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Second Reading: Beyond Coal Bill

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Samantha Ratnam
Leader of the Victorian Greens
19 August 2022

The Greens have a plan to replace coal with 100% renewable energy by 2030, while protecting workers and creating jobs.

 

This is the Second Reading Speech for the Energy Legislation Amendment (Transition from Coal) Bill 2022: 

The climate crisis is here, right now.

Europe is experiencing a summer of deadly heat waves and crippling droughts. Rivers in France are drying up. In India, temperatures have soared to a scorching 49 degrees celsius. Flooding in Bangladesh has caused hundreds of tragic deaths. The US is on fire at a scale never seen before. And closer to home, parts of NSW are under water, again. 

All of this is what the world is experiencing in one year, at “just” one degree of warming. Yet the world is on track to heat by 3-4 degrees celsius. This would be nothing short of catastrophic. 

While the climate crisis is truly terrifying, there is also hope. 

The problem we face is known. The solutions and technologies we need already exist. 

What we need is leadership.

Burning coal and gas is the single biggest cause of the climate crisis. Here in Victoria, we still get two thirds of our electricity from burning the world’s most polluting coal, brown coal in the Latrobe Valley. Coal is our state’s single biggest source of climate pollution. 

Leadership on climate means ending coal and replacing it with clean, renewable energy.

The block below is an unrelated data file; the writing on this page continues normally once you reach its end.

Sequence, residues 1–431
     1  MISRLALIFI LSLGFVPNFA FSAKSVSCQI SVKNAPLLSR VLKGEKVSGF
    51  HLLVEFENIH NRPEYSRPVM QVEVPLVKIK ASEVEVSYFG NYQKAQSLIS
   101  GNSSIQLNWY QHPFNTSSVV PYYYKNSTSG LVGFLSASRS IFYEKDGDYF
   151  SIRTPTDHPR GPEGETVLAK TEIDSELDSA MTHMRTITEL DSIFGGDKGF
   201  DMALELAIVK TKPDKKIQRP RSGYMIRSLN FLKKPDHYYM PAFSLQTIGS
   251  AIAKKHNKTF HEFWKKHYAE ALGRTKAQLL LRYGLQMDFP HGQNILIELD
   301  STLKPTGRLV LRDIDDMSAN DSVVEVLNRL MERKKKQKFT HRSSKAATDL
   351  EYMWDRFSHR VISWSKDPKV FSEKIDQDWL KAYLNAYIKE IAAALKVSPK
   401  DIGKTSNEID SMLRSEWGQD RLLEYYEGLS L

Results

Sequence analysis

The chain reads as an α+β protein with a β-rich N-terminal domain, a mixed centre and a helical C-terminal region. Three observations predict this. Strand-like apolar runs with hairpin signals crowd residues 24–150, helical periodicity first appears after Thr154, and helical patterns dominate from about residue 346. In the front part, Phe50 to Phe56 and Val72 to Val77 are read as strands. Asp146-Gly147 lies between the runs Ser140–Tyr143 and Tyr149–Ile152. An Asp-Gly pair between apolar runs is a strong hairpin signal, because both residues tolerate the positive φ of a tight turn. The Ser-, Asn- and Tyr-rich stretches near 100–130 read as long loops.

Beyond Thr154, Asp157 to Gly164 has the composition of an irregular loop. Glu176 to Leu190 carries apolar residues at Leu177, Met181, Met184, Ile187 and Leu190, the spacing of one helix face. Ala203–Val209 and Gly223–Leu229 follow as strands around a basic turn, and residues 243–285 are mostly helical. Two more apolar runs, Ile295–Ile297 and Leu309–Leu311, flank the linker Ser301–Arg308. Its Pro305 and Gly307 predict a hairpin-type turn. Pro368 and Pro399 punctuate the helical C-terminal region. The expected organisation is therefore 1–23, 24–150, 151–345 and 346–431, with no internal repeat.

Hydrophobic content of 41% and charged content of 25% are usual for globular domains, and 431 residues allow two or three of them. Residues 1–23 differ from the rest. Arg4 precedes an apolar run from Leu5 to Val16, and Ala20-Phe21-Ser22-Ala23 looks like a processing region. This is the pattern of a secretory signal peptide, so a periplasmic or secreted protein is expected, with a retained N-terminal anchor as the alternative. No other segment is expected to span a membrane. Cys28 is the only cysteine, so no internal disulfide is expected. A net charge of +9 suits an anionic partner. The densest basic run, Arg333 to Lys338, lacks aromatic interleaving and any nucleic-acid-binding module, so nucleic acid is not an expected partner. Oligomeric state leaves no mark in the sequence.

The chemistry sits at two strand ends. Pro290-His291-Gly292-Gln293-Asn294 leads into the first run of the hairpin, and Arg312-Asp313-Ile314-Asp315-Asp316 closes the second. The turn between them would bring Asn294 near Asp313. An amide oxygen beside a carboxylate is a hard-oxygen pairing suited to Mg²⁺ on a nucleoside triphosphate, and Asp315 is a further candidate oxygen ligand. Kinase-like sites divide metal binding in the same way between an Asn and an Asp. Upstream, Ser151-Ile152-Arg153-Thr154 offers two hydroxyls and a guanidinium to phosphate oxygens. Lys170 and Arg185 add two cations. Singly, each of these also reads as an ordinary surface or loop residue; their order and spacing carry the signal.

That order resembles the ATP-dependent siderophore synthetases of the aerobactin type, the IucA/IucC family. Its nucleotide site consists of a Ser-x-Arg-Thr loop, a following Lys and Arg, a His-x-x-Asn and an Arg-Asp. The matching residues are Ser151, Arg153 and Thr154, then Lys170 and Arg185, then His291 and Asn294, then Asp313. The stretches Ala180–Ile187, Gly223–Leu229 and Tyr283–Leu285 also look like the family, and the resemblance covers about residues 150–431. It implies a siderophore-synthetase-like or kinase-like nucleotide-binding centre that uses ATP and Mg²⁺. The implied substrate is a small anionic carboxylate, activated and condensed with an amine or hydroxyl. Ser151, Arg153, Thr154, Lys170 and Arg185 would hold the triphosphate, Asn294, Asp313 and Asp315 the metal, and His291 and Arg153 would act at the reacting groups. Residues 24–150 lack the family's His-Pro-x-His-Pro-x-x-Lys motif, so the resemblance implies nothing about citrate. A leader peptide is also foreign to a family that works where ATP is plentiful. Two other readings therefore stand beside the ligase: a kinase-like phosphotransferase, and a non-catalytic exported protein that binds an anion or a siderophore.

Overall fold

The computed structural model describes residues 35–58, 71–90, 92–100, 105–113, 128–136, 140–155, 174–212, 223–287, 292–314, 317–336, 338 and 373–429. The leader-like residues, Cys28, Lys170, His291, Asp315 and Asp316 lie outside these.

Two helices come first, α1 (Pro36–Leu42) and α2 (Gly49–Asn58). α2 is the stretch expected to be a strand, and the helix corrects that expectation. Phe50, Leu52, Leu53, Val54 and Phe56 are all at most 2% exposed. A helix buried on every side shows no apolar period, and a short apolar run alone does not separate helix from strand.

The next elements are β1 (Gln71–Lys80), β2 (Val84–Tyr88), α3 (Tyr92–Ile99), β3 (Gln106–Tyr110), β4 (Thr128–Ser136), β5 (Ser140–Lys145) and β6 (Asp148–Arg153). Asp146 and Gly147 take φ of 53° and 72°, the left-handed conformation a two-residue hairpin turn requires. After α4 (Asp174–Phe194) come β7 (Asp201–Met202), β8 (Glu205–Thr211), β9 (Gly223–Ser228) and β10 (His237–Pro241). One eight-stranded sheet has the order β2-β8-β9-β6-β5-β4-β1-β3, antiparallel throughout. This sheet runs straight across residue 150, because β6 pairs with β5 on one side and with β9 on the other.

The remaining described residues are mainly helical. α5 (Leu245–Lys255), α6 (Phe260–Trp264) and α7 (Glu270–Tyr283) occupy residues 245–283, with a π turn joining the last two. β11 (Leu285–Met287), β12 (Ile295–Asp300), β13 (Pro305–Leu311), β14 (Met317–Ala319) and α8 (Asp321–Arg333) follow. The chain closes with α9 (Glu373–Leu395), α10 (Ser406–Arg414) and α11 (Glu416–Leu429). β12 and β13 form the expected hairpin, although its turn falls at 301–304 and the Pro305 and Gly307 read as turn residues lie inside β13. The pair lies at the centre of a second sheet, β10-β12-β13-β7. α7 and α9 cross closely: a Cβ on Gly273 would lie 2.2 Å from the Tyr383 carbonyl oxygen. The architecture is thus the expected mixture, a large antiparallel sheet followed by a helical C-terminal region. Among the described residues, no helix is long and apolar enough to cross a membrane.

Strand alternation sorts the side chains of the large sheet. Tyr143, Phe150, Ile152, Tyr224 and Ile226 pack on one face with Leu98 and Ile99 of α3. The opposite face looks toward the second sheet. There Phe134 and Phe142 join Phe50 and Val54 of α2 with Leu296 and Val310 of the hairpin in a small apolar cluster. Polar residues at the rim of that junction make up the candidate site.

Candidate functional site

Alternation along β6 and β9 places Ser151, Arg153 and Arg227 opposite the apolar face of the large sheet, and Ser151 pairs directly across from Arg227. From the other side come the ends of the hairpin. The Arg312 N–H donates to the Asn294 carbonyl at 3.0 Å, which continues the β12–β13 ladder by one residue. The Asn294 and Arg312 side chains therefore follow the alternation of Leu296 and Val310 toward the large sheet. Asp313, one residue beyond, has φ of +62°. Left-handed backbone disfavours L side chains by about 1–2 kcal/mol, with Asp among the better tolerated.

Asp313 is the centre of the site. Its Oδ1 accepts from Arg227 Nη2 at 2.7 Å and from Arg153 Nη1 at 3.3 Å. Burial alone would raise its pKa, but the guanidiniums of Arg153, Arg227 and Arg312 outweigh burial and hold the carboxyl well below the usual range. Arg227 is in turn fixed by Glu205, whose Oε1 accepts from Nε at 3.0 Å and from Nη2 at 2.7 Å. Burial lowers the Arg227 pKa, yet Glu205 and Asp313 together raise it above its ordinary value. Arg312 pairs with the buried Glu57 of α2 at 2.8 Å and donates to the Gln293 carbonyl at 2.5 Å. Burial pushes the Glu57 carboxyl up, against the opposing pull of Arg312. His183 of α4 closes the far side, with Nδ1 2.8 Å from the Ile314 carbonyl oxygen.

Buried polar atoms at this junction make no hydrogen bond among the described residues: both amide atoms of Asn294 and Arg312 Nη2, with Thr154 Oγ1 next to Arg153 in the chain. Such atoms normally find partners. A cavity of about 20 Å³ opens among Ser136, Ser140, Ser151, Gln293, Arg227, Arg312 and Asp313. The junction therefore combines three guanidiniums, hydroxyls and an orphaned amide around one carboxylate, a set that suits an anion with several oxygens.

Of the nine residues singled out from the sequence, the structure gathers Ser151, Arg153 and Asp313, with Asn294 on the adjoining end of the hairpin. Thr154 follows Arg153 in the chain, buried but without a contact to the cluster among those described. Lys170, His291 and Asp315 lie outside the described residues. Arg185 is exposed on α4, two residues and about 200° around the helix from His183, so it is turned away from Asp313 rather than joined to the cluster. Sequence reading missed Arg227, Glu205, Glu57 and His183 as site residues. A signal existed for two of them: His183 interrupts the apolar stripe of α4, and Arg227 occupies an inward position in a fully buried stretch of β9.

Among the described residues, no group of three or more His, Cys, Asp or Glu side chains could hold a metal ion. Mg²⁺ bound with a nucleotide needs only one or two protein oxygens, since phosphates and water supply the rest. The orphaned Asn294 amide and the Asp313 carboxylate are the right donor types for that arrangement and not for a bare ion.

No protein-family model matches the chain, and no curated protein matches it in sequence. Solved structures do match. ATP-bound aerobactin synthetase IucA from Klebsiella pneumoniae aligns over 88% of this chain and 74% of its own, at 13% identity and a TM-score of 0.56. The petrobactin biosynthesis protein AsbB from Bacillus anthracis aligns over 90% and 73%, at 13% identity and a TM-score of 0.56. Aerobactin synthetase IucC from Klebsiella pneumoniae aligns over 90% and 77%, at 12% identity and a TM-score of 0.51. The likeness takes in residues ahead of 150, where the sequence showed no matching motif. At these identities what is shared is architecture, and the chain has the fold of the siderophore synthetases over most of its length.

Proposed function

On behalf of the Greens, I’m proud to introduce this Bill today to do exactly that.

This Bill sets a certain end date for coal burning in Victoria of 2030. It amends the Environment Protection Act 2017 such that all existing thermal coal activity will cease by 2030, and no new thermal coal activity can occur after this point. 

The Bill defines “thermal coal activity” as establishing, expanding, operating or modifying a coal mine or a coal fired power station. Handling, stockpiling, processing or transporting coal is also captured by the definition as is using coal for making hydrogen. The reality is, coal has to stay in the ground from 2030.

The Bill provides that where the Environmental Protection Agency has given a licence for thermal coal activity past 2030, such a licence will be revoked. From an abundance of caution the Bill also provides no compensation is payable to anyone as a result of a licence not being given or extended or revoked. In addition, this Bill also amends the Renewable Energy (Jobs and Investment) Act 2017 to increase Victoria’s renewable energy target to 100% by 2030.

I’m excited to introduce this Bill today. 

Victoria can and must be going further and faster on climate action, and this bill sets the legislative framework for doing so.

I’m equally excited to announce this Bill alongside a comprehensive policy plan from the Greens that outlines in detail how Victoria can transition from coal to renewables by 2030. 

No one expects the Loy Yang plants to last into the 2040s, or that Yallourn will really last until 2028. Yet by refusing to plan coal closure, Labor and the Liberals are leaving workers and the community at the mercy of corporate boardrooms and coal billionaires, who will abandon them when coal is no longer profitable.